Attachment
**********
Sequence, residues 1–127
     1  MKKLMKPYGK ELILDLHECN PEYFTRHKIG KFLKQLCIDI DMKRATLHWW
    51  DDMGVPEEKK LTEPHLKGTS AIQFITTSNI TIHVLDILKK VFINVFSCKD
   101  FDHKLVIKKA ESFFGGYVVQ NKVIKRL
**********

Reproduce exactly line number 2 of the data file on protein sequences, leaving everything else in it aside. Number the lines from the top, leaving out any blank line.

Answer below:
     1  MKKLMKPYGK ELILDLHECN PEYFTRHKIG KFLKQLCIDI DMKRATLHWW